• In September, Hurricane Maria pummeled Puerto Rico, the strongest storm to make landfall on the island in 85 years.  More than three months later, people are still struggling to recover.  The immediate response from Rotarians in District 7000 was quick and precise.  Several clubs around the island began to provide humanitarian aid to those affected.  The help included non-perishable food, water, hygiene kits, water filters, solar lights and power generators. 
  • Now local Rotarians are focusing on recovery and reconstruction.  Plans are underway to work with pumping systems for renewable energy projects in communities without potable water, the installation of water filtration systems, and the rollout of community economic development projects for the most affected areas.  Disease prevention efforts in areas affected by the hurricane are also taking place among other initiatives. 
  • Rotary International has established a Donor Advised Fund (DAF) of the Rotary Foundation to support projects for the recovery of Puerto Rico.  Given the great work that remains ahead, contributions from Rotarians to this fund will be essential to help Puerto Rico get back on their feet.  Visit District 7000 website to learn more.  Your contribution will make a difference in lifting Puerto Rico.  Thank you.
Composed by PDG Lana Rouff

Foundation Minute for Week of April 17
The needs and concerns about opiate use weigh heavily on Rotarians throughout District 7170 in Upstate New York.  Last year in response, the District leadership added a discussion session to their district conference agenda so individual Rotarians could articulate their concerns.
The discussion revealed significant disparities in general knowledge related to the field of substance abuse and the availability of prevention, treatment and recovery services among the communities of the district.  Recognizing the enormous complexity of the heroin/opiate abuse epidemic, session participants concluded the meeting by requesting that a small core committee of district Rotarians and non-Rotarian professionals with a variety of experiences/skills in substance abuse and other relevant areas were charged to design a plan for a global grant to meet the needs identified in District 7170.
Composed by PDG Lana Rouff

The Rotary Foundation’s district and global grants support Rotarian’s efforts to change lives and serve communities within their own neighborhoods and throughout the world.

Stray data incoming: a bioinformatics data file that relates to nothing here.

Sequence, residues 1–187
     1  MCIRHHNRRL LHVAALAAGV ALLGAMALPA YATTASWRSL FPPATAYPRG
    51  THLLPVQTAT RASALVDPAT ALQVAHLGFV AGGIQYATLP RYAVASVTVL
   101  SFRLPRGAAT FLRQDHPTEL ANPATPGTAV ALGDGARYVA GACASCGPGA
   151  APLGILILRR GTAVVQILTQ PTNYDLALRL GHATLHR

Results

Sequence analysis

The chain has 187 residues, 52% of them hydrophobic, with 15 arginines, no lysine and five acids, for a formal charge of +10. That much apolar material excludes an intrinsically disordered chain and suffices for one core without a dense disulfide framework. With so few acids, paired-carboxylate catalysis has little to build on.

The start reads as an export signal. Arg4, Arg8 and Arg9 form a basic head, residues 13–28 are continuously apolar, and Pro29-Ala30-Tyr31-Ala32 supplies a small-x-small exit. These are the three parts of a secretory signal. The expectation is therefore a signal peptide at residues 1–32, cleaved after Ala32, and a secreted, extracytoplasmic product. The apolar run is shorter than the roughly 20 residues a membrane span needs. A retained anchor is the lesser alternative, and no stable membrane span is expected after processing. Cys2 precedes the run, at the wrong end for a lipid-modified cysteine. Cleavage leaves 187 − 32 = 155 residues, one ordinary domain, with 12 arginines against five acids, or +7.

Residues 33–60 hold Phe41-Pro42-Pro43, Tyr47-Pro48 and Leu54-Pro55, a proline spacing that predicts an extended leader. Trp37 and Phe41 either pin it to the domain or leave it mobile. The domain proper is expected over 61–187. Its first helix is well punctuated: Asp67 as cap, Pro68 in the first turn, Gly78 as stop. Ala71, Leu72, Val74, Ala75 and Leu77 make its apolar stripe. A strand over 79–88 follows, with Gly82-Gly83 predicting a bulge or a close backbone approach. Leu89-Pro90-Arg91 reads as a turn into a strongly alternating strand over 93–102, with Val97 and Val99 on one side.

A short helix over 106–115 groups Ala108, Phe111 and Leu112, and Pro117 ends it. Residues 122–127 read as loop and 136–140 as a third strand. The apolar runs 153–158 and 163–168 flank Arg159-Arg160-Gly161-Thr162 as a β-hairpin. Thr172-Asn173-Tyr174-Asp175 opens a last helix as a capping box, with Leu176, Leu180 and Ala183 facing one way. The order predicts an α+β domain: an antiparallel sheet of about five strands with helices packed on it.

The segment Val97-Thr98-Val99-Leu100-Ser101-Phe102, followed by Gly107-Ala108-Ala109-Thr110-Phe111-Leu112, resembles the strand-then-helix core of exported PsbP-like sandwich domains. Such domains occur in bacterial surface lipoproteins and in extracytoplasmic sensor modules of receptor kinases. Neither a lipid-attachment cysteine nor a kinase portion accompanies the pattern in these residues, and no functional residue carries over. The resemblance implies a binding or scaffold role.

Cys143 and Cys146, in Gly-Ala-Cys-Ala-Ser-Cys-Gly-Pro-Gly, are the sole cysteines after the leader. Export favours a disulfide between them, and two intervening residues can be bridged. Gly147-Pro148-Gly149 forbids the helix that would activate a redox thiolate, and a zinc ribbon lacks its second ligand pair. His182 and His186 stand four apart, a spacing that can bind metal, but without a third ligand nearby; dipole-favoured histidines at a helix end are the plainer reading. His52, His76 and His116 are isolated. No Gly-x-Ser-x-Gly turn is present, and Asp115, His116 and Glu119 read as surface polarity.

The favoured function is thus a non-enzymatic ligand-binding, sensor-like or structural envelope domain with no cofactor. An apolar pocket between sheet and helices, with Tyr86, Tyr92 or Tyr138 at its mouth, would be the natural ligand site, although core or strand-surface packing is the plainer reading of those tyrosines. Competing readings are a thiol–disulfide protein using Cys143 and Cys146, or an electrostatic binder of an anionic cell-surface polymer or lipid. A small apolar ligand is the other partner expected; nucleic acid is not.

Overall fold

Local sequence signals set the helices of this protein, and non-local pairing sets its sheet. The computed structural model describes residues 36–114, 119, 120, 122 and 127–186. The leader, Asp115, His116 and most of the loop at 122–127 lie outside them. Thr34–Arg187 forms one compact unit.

In 2015-16 the Foundation approved 494 district grants, and the program awards totaled $25.5 million. These grants supported smaller scale, short-term projects related to the Foundation’s mission.
And during the same year the Foundation approved 1,165 global grants, which totaled $70 million. These grants fund large-scale international activities with sustainable and measurable results that support Rotary’s six areas of focus. Activities include humanitarian projects, scholarships and vocational training teams. 
Your contribution to The Rotary Foundation enables this to happen. Thank you. 
Needed support:  The Rotary Club of Point West Sacramento is seeking funding for a sustainable project in the Sacramento region to combat human trafficking.  Contact for more information.
Composed by PDG Lana Rouff
Suzette Ramdanie-Linton was almost ready to give up on a clean water project that her Rotary club had initiated in St. James, Jamaica, last year, because the funding simply wasn’t there. 
She and fellow members of the Rotary Club of Montego Bay Sunrise in Jamaica did a community assessment in 2015 and found that 11 schools and one children’s home in rural St. James were in desperate need of new bathroom facilities. The club contributed nearly $4,000 to get the project off the ground; unfortunately this was far from enough.   
Her district governor then encouraged her to promote the project on Rotary Ideas, a vehicle that showcases potential projects that are in need of support. Two weeks later she received an email from a member of the Rotary Club of Central Cayman Islands who contributed $8,000 towards the $40,000 goal. Their generosity and partnership pushed the project forward, which is now expected to be completed in July. 
Composed by Lana Rouff
Every day Rotarians are improving lives in communities around the world through thousands of service projects.  Here are a few:
Affordable drinking water in purification stations has been supplied to 8,000 people in North Cambodia by Rotary clubs there.

Rotaract university students mounted a campaign in Zimbabwe for breast cancer awareness.

In Nigeria a Rotary club donated food items, clothes and toiletries to prisoners in Keje Prison to commemorate World Humanitarian Day.

And through a joint partnership with the Rotary Club Osada East and the Hospice of San Jose in the Philippines solar energy was provided for a school for special children.

These projects happen thanks to your donations to the Rotary Foundation.  Thank you.      

Projects found through Rotary Showcase
Creating a family

After fleeing conflict in their own countries, a group of young Rotaractors is healing wounds and bringing cultures together in a Ugandan refugee

Rotaract clubs honored for excellent service 2018

Top Rotaract honor goes to club that empowers women who have HIVRotaract clubs around the world earn awards for excellent

Rotary website wins Webby Award wins Webby People's Voice

Former First Lady Laura Bush to speak at Rotary convention

Former First Lady Laura Bush to speak at Rotary conventionFormer First Lady of the United States Laura Bush, an advocate for literacy, education, and women’s rights, will speak at the 2018 Rotary Convention in Toronto this

Birthdays & Anniversaries
Member Birthdays:
  • M. Keefe (Keefe) Gorman
    May 16
  • Ed Pasto
    May 8
Join Date:
  • Beth Putnam
    May 17, 2012
    6 years